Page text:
I don’t have much spare time and I don’t really even have much of a social life these days. There is a reason for this and it’s that I have woken up. Woken up and opened my eyes. I sometimes wish I could go back to not giving a damn, and just living my life, but I can’t go back now. I see the same glazed expression in my friends’ eyes as I’m sure others used to see in mine. It is the look of someone who has been cornered in the kitchen at work by ‘the campaigner’, ‘the bike girl’. Just over a year ago I didn’t ride a bike, except for on holiday. Now I have people avoiding me or apologising to me when I see them in a car.
It’s pretty odd really. I started riding a bike for transport when a new job meant I had to travel to the city centre each day and was transformed from somebody who didn’t give a toss politically, to some kind of sustainable transport maniac. The more I ride, the more I see how movement has and is being designed out of our city and the effect this has on our communities. We park our cars as close to our front doors as we can get them, walking only a few metres before shutting our front doors and turning our back on the outside world. Yet one third of households in Sheffield do not have access to a car.
People talk about the war on the motorist, but what about the war on the human being? More people were killed last year on South Yorkshire’s roads than as victims of violent crime. The Jasymn Chan memorial crossing is still not built almost a year on from when the 14 year old was hit and killed by a speeding driver. Elsewhere pedestrian crossings are being removed to ease traffic flow. We may be the Tour de France city, but less than mile from a section of the route plans for a pedestrian and cycle crossing were scrapped because of fears they would delay motor traffic.
I do not really campaign for ‘cyclists’. Cyclists already ride bikes. The people I campaign for is everyone else. Everyone else who drives to work every day because there is no practical alternative. Without cycle and walking routes which are safe, enjoyable and convenient to use then there is no incentive to get people out of their comfortable climate-controlled cars.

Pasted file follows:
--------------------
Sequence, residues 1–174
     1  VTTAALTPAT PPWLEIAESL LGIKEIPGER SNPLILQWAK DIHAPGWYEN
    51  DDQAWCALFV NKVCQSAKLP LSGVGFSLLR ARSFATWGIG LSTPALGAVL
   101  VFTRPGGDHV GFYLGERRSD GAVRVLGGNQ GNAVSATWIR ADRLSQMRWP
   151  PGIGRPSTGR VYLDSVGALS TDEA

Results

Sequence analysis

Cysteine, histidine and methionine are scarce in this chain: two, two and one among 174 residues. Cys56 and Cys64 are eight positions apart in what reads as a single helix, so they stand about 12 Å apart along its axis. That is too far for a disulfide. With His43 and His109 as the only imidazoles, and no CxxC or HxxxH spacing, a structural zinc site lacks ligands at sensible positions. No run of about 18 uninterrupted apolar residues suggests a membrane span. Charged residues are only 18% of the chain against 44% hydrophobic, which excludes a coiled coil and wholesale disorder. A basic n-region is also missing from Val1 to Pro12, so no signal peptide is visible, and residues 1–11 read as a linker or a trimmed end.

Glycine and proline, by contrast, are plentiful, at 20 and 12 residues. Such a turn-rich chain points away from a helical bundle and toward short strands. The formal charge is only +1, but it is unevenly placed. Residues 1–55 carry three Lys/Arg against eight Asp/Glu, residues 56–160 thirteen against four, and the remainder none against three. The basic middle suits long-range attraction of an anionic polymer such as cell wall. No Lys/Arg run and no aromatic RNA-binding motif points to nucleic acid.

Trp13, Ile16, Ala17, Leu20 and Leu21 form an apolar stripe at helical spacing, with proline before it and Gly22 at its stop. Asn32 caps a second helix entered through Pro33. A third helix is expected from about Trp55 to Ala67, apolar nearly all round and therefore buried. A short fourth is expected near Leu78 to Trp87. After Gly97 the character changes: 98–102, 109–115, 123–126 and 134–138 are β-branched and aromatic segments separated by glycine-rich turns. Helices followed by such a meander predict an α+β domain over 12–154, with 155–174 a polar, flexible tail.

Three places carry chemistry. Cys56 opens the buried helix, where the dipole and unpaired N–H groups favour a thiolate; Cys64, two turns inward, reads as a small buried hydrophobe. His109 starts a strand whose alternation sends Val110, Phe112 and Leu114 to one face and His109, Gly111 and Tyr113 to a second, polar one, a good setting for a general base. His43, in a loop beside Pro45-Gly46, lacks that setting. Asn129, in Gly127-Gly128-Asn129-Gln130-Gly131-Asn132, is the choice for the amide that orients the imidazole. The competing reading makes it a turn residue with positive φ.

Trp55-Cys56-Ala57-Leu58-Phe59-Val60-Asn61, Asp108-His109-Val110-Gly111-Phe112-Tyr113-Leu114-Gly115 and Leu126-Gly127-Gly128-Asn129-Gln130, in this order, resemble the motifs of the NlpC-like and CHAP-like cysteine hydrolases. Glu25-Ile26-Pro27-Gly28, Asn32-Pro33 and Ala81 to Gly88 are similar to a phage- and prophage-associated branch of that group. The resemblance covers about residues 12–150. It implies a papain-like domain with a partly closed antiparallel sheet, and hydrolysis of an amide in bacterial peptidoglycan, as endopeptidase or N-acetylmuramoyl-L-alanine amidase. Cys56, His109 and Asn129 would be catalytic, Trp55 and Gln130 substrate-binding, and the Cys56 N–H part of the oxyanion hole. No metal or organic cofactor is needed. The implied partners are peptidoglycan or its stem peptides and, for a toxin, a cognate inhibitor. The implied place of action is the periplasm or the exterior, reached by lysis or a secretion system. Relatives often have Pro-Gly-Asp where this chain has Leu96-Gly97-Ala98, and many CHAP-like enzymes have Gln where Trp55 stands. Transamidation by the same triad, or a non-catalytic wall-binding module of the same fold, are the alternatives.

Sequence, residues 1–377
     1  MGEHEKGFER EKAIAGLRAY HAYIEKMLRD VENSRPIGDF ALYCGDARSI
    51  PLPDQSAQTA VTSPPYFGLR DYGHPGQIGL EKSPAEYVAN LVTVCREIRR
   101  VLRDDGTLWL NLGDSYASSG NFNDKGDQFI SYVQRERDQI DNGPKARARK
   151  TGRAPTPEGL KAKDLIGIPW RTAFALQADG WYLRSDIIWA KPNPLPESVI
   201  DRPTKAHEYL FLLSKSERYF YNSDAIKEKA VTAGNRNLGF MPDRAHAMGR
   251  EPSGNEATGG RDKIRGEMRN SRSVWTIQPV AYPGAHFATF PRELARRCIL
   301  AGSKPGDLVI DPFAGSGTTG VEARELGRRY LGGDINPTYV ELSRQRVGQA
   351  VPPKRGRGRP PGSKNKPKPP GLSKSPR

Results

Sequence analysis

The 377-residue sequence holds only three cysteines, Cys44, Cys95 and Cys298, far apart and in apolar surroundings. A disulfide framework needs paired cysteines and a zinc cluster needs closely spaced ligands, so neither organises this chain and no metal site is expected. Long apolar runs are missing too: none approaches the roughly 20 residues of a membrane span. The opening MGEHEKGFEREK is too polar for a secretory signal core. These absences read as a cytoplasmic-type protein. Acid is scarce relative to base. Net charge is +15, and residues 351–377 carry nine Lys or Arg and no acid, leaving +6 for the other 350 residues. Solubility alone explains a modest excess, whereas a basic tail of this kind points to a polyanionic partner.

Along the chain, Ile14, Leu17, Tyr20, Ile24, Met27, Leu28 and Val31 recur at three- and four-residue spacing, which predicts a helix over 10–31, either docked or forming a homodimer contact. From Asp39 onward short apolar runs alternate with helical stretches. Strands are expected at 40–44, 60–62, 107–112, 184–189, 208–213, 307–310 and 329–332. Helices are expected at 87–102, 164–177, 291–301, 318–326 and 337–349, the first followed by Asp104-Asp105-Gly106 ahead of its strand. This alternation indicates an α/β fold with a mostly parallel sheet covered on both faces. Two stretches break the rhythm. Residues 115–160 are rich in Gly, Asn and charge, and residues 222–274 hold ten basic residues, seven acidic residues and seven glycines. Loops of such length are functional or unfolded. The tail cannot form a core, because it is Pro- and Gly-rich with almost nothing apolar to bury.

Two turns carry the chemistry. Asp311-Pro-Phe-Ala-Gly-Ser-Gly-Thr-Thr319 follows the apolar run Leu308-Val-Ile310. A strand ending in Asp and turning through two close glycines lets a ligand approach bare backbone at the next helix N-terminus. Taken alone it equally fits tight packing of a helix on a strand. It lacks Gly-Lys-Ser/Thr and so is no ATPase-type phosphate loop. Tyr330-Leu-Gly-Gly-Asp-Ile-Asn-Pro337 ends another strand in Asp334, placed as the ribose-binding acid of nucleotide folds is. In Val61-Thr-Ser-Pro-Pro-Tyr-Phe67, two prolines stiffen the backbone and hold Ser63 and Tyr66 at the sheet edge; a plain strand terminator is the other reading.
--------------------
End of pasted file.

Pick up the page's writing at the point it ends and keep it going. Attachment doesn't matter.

The council spends money on subsidised bike schemes, but without the commitment to making a safe, pleasant and comprehensive network of cycle routes then this will only go so far. But these are times of austerity I hear you say. As we speak cities across the UK are building cycle infrastructure which is pushing the boundaries of anything we’ve yet seen in the UK. This was made possible by Cycle City Ambition funding: £30 million, later upped to £77 million and then an additional £114 million. Sheffield was the only major UK city who failed to even submit a bid for the cash.
The 2013 Get Britain Cycling report recommended a cycling spend of £10-20 per person per year. In Sheffield we currently spend £1.89. We’ve got a long way to go and we’re moving at a rate which makes snails look fast. It’s not just slowness, there seems to be actual resistance at a local level which must be overcome. Even with all the government funding in the world it’s still Sheffield City Council who are responsible for all the roads in Sheffield bar the M1 motorway.
So what am I doing about it? I’m asking for anyone else who feels the same to join me, get on your bike as we take to the streets to call for change in our city. The Big Ride on Saturday 25th April will see hundreds take to the streets on their bikes to call for safe Space for Cycling. Join us.
Words: Emma Metcalfe, head of the Space for Cycling campaign in Sheffield.
Photo 1: © Paul Truin
Photo 2: © @geckobike
Space for Cycling: The Big Ride
Saturday 25th April 2015
10.30 for 11am start